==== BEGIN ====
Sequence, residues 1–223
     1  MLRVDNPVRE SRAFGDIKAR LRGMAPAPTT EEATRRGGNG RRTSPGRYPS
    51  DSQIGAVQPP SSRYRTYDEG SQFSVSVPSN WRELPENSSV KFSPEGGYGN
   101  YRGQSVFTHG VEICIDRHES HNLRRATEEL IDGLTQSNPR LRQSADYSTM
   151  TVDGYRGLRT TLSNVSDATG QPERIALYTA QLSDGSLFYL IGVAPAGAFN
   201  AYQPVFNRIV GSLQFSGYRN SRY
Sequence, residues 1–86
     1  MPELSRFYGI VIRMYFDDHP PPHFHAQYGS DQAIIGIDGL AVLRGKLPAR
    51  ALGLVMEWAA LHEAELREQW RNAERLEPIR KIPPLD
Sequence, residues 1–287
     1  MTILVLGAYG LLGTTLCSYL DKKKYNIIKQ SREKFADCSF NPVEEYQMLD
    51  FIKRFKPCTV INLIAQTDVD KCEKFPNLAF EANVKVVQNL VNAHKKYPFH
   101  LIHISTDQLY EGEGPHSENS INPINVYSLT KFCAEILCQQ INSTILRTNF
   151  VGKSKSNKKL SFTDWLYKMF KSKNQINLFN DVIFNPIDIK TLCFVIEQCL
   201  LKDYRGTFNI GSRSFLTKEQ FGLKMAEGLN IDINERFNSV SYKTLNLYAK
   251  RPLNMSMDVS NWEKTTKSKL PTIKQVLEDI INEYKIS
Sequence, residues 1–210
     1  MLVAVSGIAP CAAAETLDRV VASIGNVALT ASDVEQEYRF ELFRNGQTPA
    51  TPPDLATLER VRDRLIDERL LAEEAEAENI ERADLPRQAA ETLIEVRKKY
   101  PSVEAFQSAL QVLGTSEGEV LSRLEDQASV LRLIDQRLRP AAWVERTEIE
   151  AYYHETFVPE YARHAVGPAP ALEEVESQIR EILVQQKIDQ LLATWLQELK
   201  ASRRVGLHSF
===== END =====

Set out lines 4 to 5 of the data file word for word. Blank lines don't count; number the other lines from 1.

   101  YRGQSVFTHG VEICIDRHES HNLRRATEEL IDGLTQSNPR LRQSADYSTM
   151  TVDGYRGLRT TLSNVSDATG QPERIALYTA QLSDGSLFYL IGVAPAGAFN